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EV charging in the UK gets harder

13 September 2021

I have commented a number of times about the need for the electricity sector to act quickly in order to meet the demand that a transition to electric vehicles will create.

Recent forced blackouts in small parts of the country have proven that New Zealand does not always have a lot of generation capacity in reserve so the time to act is now, not in a few years' time when demand begins to completely outstrip capacity.

Of course every nation will face similar problems in this respect so it is interesting to see how the UK has decided to deal with the issue of EVs and their effect on the electricity grid.

Basically, it amounts to electricity rationing.

The UK government has decided that domestic EV chargers will be remotedly disabled for up to 9 hours a week, at times of peak demand.

Although in theory, this is little different to the controlled water heating systems we've all lived with for decades, the effects could be quite different.

Finding you have no hot water because power demand has forced authorities to turn off your water heater is nowhere near as inconvenient as finding that you can't recharge your sufficiently EV to handle the 1-hour commute to your job in the city.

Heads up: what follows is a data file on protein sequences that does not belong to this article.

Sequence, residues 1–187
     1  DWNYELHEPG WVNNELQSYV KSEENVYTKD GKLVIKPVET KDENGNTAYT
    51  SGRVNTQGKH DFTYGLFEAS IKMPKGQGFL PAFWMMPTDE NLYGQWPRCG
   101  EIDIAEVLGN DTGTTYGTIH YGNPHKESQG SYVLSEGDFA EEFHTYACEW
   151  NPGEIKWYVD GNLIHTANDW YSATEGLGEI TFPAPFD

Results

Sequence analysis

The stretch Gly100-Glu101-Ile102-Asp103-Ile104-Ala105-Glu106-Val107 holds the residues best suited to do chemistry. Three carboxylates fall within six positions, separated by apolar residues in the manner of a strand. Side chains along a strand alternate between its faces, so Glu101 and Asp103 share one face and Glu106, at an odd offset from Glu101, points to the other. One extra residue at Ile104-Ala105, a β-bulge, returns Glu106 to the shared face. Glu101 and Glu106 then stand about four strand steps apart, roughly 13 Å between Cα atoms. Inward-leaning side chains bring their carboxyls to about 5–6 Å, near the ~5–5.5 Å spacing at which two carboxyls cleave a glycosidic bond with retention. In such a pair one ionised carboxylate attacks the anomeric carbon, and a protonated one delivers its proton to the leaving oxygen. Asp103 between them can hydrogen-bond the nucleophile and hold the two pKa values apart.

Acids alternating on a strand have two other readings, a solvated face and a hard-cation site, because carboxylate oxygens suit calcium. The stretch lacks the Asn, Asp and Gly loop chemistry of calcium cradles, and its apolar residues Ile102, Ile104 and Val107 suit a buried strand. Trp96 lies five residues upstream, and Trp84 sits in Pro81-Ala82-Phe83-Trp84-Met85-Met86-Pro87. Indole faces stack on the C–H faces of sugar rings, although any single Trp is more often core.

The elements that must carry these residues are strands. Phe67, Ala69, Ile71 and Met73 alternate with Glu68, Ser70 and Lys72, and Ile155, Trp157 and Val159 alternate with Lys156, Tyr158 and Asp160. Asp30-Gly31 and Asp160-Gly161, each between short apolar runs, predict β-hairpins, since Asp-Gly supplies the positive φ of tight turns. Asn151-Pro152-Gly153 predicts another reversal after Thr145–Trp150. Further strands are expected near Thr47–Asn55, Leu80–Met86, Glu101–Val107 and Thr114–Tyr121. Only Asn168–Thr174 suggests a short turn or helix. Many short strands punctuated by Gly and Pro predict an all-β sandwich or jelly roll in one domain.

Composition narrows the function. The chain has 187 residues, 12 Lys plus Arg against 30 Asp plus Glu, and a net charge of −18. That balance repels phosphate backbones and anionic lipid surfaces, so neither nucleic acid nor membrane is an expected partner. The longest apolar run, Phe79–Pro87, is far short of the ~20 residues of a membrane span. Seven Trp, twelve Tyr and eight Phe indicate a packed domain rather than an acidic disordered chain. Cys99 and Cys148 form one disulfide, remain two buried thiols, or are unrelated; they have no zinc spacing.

It's also worth remembering that controlled hot water heating had something of a carrot attached to it -- the power (per unit) was cheaper than unswitched electricity. That benefit does not seem to be included in the new UK diktat.

These changes in the UK will also allow for rolling "random delays" in the activation of domestic chargers at times of peak load, so as to dull the spikes created by everyone plugging in at once.

Whilst those in the UK with EVs are outraged at this demand, the Swiss are laughing because in that country, all new homes have a seperate, remotely switched circuit for high-consumption appliances so the energy sector can better manage load at peak times.

I would bet with almost 100% certainty that this kind of thing is exactly what we'll be seeing in New Zealand within the next decade or so. We've neglected the addition of reliable renewable energy generation (ie: hydro or tidal) for so long that it looks unlikely we'll be able to ramp-up quick enough to meet the demand from EVs. That leaves rationing as the only viable way to manage load.

So, don't sell that old Jap import just yet, even if you've got your sights on a snazzy new EV. It might pay to keep the dino-guzzler in the garage for those days when our limited electricity generation capacity might otherwise force a few carless days on you.

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